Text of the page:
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Chicago Jazz emerged and evolved along a similar timeline as Chicago Blues in the early to mid-twentieth century. Its artists and influence inspired a new generation of music; modern rock, pop, alternative music and more all have roots in Chicago jazz and owe much to its founders. Here we outline some of the key players, locations, and historical motivations behind the Chicago Jazz movement.
After the turn of the century, a movement of six million African Americans relocated from the southern states to the East, West and Midwest in what became known as the Great Migration. People were drawn to Chicago for its wealthy manufacturing, railroad and meatpacking industries. This move included the expansion of popular music styles, bringing jazz to Chicago and the rest of the country. In the Windy City, jazz started out in small local clubs on the South Side. With all the different types of people Chicago attracted at this time, the entertainment industry became a powerful force to be reckoned with.
The Chicago style of jazz came out of both the Mississippi Delta and New Orleans “Dixieland” style with pioneer musicians like King Oliver, Jelly Roll Morton and Louis Armstrong. Certain aspects of song structure and rhythm set the Chicago branch of music apart in the 1920s, such as heavy string bass and guitar, longer solos and quick tempos. This set the foundation for swing music. But after World War II, jazz evolved throughout the decades, and following a decline in popularity in Chicago, many musicians relocated to New York City, which was quickly becoming the new epicenter of jazz.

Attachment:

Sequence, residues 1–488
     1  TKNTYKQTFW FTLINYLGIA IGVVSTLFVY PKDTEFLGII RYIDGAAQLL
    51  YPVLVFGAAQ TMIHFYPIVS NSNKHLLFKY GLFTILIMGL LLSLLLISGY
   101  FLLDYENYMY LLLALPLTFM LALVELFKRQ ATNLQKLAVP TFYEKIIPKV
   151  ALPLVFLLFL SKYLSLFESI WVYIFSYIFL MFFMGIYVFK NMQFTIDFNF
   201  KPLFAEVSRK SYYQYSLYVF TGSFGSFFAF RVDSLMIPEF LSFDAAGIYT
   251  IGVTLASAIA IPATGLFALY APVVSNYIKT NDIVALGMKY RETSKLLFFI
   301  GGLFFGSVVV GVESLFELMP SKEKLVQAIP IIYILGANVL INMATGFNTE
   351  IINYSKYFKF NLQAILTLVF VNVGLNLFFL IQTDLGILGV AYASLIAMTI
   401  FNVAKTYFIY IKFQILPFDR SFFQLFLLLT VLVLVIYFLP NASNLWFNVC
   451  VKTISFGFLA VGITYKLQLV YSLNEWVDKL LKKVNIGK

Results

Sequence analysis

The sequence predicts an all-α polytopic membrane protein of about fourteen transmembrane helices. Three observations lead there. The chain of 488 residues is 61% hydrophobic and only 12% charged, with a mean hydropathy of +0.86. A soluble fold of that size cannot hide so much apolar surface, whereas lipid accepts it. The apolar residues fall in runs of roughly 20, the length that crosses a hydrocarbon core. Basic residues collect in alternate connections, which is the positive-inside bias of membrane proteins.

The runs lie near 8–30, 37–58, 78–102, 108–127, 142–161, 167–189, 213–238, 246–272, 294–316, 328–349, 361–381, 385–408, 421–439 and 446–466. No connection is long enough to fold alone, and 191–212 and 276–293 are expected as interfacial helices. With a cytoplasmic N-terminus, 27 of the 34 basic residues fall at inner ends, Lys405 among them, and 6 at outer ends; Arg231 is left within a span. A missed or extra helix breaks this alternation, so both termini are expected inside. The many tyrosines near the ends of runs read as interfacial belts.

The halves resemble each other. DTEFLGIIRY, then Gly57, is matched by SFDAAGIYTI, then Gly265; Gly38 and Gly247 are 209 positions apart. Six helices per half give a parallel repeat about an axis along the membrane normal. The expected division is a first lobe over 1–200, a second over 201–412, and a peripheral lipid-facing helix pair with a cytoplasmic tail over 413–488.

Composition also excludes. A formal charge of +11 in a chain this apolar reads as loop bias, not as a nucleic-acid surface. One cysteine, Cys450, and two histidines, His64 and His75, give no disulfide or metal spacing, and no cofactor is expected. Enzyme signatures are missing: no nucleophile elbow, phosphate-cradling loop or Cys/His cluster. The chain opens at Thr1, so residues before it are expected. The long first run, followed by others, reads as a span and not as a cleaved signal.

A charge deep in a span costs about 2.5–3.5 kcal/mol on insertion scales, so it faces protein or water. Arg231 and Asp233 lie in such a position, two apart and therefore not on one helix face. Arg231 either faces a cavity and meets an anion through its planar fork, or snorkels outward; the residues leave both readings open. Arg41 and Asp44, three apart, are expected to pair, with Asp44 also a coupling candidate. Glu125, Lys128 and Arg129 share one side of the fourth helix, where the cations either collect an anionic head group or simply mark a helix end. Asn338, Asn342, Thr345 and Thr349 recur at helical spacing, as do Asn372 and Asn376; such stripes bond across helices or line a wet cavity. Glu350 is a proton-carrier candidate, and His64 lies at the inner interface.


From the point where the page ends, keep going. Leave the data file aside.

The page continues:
Today Chicago continues its proud history of being rich in jazz culture. The scene is very active across the city in nightclubs, festivals and local talent. Head to the Green Mill in Chicago’s North Side Uptown neighborhood for classic live jazz every night of the week. The legendary club has seen all of the greats and is believed to be the oldest continuously running jazz club in the country. It’s open every night until 4am which leaves plenty of time to get your jazz fix.
The City of Chicago also hosts an annual Chicago Jazz Festival over Labor Day weekend. It’s always free and open to the public and hosted at Millennium Park and the Chicago Cultural Center. Attendees love to come prepared to the live shows at the Jay Pritzker Pavilion with lawn chairs and blankets for a picnic-style experience. The fest showcases amazing local talent and is a great way to close out each summer with a healthy dose of art and culture.